Gretsch Model 6120 Chet Atkins Hollow Body Arch Top Hollow Body Electric Guitar (1957)

Gretsch  Model 6120 Chet Atkins Hollow Body Arch Top Hollow Body Electric Guitar  (1957)
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Item # 10557
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Gretsch Model 6120 Chet Atkins Hollow Body Model Arch Top Hollow Body Electric Guitar (1957), made in Brooklyn, NY, serial # 23216, Western Orange lacquer finish, laminated maple body, maple neck with rosewood fingerboard, original white tolex hard shell case.

The1957 Model 6120 Chet Atkins hollow body is considered to be among the Gretsch company's most classic creations, one of the iconic American vintage guitars. Along with the flashier but much rarer White Falcon, the "Western Orange" 6120 has long embodied the Gretsch aesthetic, especially symbolic of the early rock'n'roll era and the 1950s in general.

Gretsch guitars of the 1950s often evolved quickly; in 1957 the features of the "Chet Atkins hollow Body" were transitioning from the full-out western blitz of the first 1955 models towards the sleeker '60's stylings. This guitar is from mid-1957 and is particularly distinguished by its darker amber-red finish compared to most 6120s, even from the same year. This gives is a slightly more subdued if arguably more authentically "western" look comparted to many of its brighter or paler orange brethren. This finish is fairly rarely encountered and appears to have simply been a production eccentricity, not a designed difference. The back of this guitar is actually somewhat more "orangey" than the rest, but all finish is original.

This guitar's other features are specific to this period. The hump-block inlay in the bound rosewood fingerboard was only used around this time, replacing the earlier blocks with western engraving. The guitar mounts two DeArmond Dynasonic pickups, used by Gretsch on all electric guitars up into early 1958. Chet Atkins himself was not enamored of these units, and requested they be replaced with the Filter 'Tron humbuckers designed for him by Ray Butts. The DeArmonds impart a sharper, more cutting sound with a lot of attack, especially for a fully hollowbody instrument.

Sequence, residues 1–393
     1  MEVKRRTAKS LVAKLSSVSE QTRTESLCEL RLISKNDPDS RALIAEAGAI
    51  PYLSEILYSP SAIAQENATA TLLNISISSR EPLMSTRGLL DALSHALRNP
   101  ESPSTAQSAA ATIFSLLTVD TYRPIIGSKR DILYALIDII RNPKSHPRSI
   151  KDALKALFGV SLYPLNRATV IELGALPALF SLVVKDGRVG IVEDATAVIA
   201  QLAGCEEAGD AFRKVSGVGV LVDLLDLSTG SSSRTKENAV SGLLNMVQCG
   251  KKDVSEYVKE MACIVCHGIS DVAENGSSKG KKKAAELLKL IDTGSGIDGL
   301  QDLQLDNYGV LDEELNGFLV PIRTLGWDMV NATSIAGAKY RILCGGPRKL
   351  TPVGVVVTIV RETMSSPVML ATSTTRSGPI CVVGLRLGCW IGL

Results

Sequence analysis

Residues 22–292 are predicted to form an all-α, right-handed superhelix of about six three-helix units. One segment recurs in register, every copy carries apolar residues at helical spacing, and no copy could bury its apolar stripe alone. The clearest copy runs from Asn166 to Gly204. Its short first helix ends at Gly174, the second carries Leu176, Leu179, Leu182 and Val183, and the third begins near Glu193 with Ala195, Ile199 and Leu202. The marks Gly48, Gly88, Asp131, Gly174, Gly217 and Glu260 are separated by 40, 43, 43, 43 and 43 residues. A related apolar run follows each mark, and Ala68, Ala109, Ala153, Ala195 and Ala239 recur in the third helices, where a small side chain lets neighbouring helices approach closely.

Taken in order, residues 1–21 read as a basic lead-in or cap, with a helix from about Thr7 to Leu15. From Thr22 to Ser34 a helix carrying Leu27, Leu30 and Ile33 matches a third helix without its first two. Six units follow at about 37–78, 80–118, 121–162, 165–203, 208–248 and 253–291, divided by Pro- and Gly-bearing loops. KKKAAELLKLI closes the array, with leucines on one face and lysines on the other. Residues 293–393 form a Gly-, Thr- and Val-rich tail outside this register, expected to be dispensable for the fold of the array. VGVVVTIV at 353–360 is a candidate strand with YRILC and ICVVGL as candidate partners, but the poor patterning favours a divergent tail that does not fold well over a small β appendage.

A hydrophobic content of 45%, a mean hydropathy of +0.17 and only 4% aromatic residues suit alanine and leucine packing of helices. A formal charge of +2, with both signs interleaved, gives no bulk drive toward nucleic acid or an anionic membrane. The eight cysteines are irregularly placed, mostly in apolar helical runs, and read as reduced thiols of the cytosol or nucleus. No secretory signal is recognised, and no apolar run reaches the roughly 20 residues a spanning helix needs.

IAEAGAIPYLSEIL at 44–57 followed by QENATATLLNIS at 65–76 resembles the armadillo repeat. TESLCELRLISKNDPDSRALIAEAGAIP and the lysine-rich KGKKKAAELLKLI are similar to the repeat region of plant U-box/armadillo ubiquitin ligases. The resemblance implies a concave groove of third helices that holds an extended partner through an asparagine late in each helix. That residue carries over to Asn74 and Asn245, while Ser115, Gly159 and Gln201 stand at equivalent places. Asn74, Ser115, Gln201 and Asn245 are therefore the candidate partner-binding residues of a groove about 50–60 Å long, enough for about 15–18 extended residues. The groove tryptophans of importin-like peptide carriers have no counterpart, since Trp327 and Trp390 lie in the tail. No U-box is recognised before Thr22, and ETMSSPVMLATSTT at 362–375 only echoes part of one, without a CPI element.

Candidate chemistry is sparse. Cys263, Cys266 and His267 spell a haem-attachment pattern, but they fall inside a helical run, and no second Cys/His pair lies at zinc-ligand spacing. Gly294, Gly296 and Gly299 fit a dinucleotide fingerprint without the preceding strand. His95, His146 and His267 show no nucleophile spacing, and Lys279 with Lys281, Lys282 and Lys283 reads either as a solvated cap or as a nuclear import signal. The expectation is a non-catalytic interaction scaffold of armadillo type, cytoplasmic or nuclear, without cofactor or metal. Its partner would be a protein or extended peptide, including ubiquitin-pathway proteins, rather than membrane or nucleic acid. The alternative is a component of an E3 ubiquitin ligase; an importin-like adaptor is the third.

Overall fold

A distinctive appointment for this year is the Bigsby tailpiece with the stop built into the cast arm and slot-screw attachment. This is nicknamed the "Duane Eddy" arm as it equipped his iconic 6120. The next year Bigsby simplified the design with a flat metal arm, the rotation stop moving to the cast arm support piece; this earlier design was only used for a year or so. This guitar mounts an aluminum Bigsby bridge saddle on a wooden base, a fitting also specific to the earlier 6120.

As noted the finish is a rare and unusually dark variant of the "Western Orange" seen particularly on guitars in this specific serial number batch. The Model 6120 used by Duane Eddy on all of his early records had features nearly identical to this one; that guitar has a serial number three batches later, built perhaps a couple of months down the line. This is easily one of the nicest Gretsch guitars we have ever had, a real stunner too look at with a sound and feel as good as they come!
Overall length is 41 1/2 in. (105.4 cm.), 15 3/4 in. (40 cm.) wide at lower bout, and 2 3/4 in. (7 cm.) in depth, measured at side of rim. Scale length is 24 1/2 in. (622 mm.). Width of nut is 1 11/16 in. (43 mm.).

This beautiful 6120 shows light wear but overall remains in clean and original condition. The finish has some typical checking, most heavily on the headstock face. There are some random dings, dents and scuffs but really not a lot of finish disturbance. Everything on the instrument is original except the riser ring under the bridge pickup has been neatly replaced; the original suffered Celluloid disintegration and did tarnish the plating on the pickup casing directly above it. There is a slight seam separation on the back of the headstock below the high e tuner, solid but visible. There are endemic to period Gretsch models as they ran the tuner mounting screws directly into the laminated seam.

The guitar shows no other issues; there is none of the common binding deterioration at all. The neck angle is excellent, the guitar does not appear to have ever had or needed a neck re-set. If one has been done it would be the neatest job we have ever seen! The original frets have been crowned down somewhat but still have life in them. This is simply an exceptionally fine playing and sounding 6120 from one of the classic years; a treat for any Gretsch fan and in particular the Duane Eddy afficionado. It includes the original cowboy case still in solid shape with a bit more wear than the guitar. Overall Excellent Condition.